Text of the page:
EU shipping, controlling some 40% of the world fleet tonnage, is predominantly an international activity. Shipping not only connects the EU with its trading partners, but a very large share of the EU shipping activity also involves cross-trades, transporting goods between third countries. National policies and developments in third countries have considerable impact on international trade and access to their markets. It goes without saying that the close monitoring of developments, the enhancement of policies and operational efficiencies in third countries is of great importance to ECSA.
SHORT AND MEDIUM TERM APPROACHES
To smooth out specific obstacles to free trade and/or the efficiency in the maritime transport chain, ECSA intervenes by co-ordinated industry initiatives with the relevant national authorities directly and, as appropriate, by co-ordination with the EU institutions, as well as towards the World Bank and the WTO (World Trade Organisation). In these initiatives ECSA protects and promotes the interests of the EU shipping industry and, at the same time, stresses the importance of efficient maritime transport to the external trade and the national economies of the subject countries.
In furthering the globalisation of trade, obstacles should be removed and legal certainty offered so that they should not reoccur. ECSA therefore welcomed, as a first step, the inclusion of maritime articles in bilateral partnership and co-operation agreements as negotiated by the EU with many third countries and as currently under negotiation with Mercosur.
To enhance the efficiency of the EU maritime policy towards third countries ECSA, in close co-operation with the Commission services and the French Council Presidency, organised a third workshop on maritime external relations in October 2000. With active participation from Member States, the Commission services, shippers and shipowners, suggestions were made to improve communication channels and practical co-operation between the different parties involved. A regular monitoring of the performance was considered important.
Significant progress is being made through the efforts of the Commission to conclude specific bilateral maritime agreements with China and with India. The reactions of both countries have been positive and constructive, recognising the importance of maritime transport to their external trades and as industries in their own right.
WTO - THE LONG TERM APPROACH
Considerable attention is being given to the developments in the context of the WTO on two parallel, but interactive fronts. The shipping industry has an interest on both fronts. On the one hand the prospect of widely subscribed ambitious commitments for liberalisation in maritime transport. On the other, a new WTO Round setting up to date rules for the further liberalisation and the enhancement of trade in goods which, after all, are largely carried by sea.
As agreed at the end of the Uruguay Round, the preparatory work for negotiations on services, including maritime transport, and on agriculture started in year 2000, gradually intensified. Guidelines for the effective negotiations were agreed end March 2001 and a detailed analysis of the proposals by a range of countries is under way. The number of proposals including maritime transport is thus far rather limited and, not surprisingly, originates notably from those countries with a strong direct interest in shipping. The effective negotiations through a "request-offer" procedure are likely to start early 2002 and for maritime transport to be based on the pillars of i) access to market, ii) access to port services, iii) access to ancillary services, iv) multi-modal transport, thereby building on the offers and commitments at the end of the Uruguay Round.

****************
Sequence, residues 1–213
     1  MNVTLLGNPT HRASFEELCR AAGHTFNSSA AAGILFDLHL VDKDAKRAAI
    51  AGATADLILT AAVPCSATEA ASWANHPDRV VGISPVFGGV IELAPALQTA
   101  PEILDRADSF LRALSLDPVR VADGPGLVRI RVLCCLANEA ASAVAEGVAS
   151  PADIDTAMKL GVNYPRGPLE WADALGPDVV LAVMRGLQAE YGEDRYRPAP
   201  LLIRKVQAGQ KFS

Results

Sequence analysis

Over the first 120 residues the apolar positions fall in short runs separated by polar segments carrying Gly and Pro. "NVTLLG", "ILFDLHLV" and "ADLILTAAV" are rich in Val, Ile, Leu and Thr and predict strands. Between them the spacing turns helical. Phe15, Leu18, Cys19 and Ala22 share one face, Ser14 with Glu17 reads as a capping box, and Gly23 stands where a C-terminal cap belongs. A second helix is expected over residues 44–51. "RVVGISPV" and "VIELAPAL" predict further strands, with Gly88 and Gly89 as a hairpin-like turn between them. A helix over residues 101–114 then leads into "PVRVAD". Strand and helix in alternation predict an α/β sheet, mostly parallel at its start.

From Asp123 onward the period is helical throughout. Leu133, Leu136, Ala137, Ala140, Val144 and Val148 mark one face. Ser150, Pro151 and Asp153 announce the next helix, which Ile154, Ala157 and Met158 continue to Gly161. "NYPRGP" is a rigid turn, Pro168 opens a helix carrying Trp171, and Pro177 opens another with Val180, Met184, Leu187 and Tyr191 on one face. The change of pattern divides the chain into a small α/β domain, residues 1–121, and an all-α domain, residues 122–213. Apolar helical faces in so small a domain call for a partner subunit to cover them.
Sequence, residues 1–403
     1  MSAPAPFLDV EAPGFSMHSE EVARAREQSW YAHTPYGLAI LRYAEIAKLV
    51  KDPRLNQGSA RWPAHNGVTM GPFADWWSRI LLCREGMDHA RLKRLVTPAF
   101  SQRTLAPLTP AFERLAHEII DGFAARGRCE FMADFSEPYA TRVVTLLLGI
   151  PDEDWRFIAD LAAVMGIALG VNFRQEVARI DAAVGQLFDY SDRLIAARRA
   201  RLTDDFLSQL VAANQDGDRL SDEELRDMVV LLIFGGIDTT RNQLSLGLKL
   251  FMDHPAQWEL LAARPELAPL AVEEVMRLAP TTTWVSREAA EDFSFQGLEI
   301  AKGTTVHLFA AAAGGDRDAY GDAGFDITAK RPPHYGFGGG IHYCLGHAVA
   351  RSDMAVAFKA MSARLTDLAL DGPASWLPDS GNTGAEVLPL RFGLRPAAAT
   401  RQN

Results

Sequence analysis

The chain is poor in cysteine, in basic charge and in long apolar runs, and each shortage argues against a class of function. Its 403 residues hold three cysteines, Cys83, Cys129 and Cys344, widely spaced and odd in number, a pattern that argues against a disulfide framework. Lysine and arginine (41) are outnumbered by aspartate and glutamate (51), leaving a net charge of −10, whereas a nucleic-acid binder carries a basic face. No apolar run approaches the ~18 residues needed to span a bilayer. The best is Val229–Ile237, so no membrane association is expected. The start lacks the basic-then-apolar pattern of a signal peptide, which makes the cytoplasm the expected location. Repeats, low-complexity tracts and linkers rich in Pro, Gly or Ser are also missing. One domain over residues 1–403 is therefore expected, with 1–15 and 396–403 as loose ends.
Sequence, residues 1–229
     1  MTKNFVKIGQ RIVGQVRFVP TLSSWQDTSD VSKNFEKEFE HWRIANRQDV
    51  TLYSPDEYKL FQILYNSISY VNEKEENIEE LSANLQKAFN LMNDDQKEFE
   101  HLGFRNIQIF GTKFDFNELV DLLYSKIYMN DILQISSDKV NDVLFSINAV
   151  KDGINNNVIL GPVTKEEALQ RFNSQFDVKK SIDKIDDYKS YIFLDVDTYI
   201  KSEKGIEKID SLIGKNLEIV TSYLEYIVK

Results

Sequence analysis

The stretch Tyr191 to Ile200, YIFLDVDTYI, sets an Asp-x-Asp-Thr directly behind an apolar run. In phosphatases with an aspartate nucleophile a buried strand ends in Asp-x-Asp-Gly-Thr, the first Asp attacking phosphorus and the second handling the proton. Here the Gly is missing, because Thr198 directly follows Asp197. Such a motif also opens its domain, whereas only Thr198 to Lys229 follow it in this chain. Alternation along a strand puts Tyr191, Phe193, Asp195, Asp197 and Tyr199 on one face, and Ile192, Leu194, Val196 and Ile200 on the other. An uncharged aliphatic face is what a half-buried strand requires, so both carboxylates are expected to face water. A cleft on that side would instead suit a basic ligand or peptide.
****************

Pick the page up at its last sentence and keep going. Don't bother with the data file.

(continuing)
More public attention is being given to the issue of whether a new comprehensive and ambitious WTO Round can be started. This will be for decision at the 4th WTO Ministerial Conference in Doha (Qatar), early November 2001. There appears to be increasing support between WTO members for a new Round to address the rules for international trade. Criticism often appears to derive from the complexity of issues to hand and too narrow perspectives.
Enhanced transparency, the dispute settlement system and horizontal issues like domestic regulation for the effective implementation of an agreement will be taken up. Substantial progress on trade facilitation would be very welcome to the transport sectors and trade in goods alike, as procedures represent a core element and, all too often, an obstacle in daily activities.
A failure to come to a new Round which meets the realities of international trade would be a severe set back for WTO, stimulate pure bilateral agreements and risk the reappearance of protectionism.
ECSA is in continuous contact with the EU Institutions on the further developments both on the new Round and on the specific service negotiations. Contacts are also maintained with other European service industries on horizontal issues in the context of ESF (European Services Forum).